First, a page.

SS: This point is very valid I think, because teaching is teaching, no matter at what level you are doing it. However, in education, while we do talk about pedagogy and assessment, but when it comes to applying it to our students fully, we are unable to do it. During our moderation meetings, I remember, one faculty had given six assignments for 15 points. So if you have 15 points for your internal assessment out of a fifty-mark paper, (remember the student has way more papers), and yours is just a part of it. Because we like to be a busy department, we like to give a lot of assignments, but that is totally against the whole principle of assessment. Merely knowing about assessment doesn’t mean it translates into your teaching.
However, as far as other departments are concerned, I think your point is very valid. There should be discussions on assessment and pedagogy. What form it should take, I really don’t know. Like other countries, for example, we need to have a course on composition. So, for instance, you might have a refresher course on teaching clarity in writing, instead of a refresher course where you are being refreshed with almost everything! A more focused course where a group meets to discuss about teaching and then reads certain things together and talks about them; maybe that could work. I remember when I was a beginning faculty in the US, we used to have a lunch meeting once every week about different aspects of undergraduate teaching. Sometimes, you might have very rebellious undergraduates and you may not be sure how to assess them or how they might respond to their assessment. So, we would talk about that or about what we could read, but it [the meeting] grew out of our needs. Throughout the term we had these meetings and we could mention them in our annual report. We had the freedom to talk, sometimes even complain, but we also actually learnt from each other and also from students. I think that every model doesn’t have to be very rigid. As I said, corridors are the best places for growth.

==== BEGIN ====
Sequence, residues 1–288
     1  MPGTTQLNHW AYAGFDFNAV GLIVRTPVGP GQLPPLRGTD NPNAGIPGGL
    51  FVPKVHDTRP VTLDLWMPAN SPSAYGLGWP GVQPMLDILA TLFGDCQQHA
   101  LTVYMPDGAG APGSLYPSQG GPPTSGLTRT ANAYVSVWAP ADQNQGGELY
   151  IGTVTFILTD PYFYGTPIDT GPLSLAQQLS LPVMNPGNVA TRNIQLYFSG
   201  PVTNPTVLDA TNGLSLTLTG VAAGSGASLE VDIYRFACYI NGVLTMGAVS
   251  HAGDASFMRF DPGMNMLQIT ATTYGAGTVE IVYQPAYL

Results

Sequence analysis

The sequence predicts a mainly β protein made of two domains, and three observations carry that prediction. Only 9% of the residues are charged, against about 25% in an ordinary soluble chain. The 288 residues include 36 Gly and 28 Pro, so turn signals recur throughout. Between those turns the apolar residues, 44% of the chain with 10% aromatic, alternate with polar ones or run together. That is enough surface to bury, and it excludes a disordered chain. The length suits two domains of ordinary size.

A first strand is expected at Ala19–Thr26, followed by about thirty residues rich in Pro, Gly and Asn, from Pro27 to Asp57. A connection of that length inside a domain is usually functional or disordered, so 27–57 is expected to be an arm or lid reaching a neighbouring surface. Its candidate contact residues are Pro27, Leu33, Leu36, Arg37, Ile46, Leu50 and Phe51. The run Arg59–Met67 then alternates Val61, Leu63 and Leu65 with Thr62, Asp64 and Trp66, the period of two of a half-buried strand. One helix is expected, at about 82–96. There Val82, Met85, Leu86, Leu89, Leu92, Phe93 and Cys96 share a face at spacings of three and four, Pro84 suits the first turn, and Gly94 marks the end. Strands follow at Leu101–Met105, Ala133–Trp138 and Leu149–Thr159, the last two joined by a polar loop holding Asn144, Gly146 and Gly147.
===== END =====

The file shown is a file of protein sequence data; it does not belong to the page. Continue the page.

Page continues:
PK: One thing that I feel is very important at the university level now, is the ability of the teachers to understand the diversity in their classrooms. So, do you think that there is some way CPD could address this issue?
SS: That is very important, but again if you had, let’s say, a three-day workshop and somebody came and told you about [its] various components, would it help? See, one thing is just acknowledging a field of study and getting some terms which you can glibly use, and it is completely another thing to transform your pedagogy. If you want to focus more on impact, then again it has to be more interactive, it has to be spread over time. And it does not need to be very focused or intense. Maybe you can meet over two days and talk about ideas, read together, but I think it needs to be a little bit spread out to sink in.
And I think the point you raise is very valid, because when I started teaching in CIE, many a times in my tutorial class or in my school visits, I would have visually-challenged students and I really didn’t know exactly what to do. I needed a more in-depth understanding of those issues, but also about various kinds of diversities that you have in your classroom and how you deal with them to develop that level of sensitivity. I think that applies to all departments; they should be thinking and talking about diversity; there should be an environment for it. Of course, we must have access to lectures and scholars coming in, and they are important, but training courses or workshops are often just so spread out and ritualistic. I do have a problem with them because people attend them for commercial purposes and that should not be the spirit.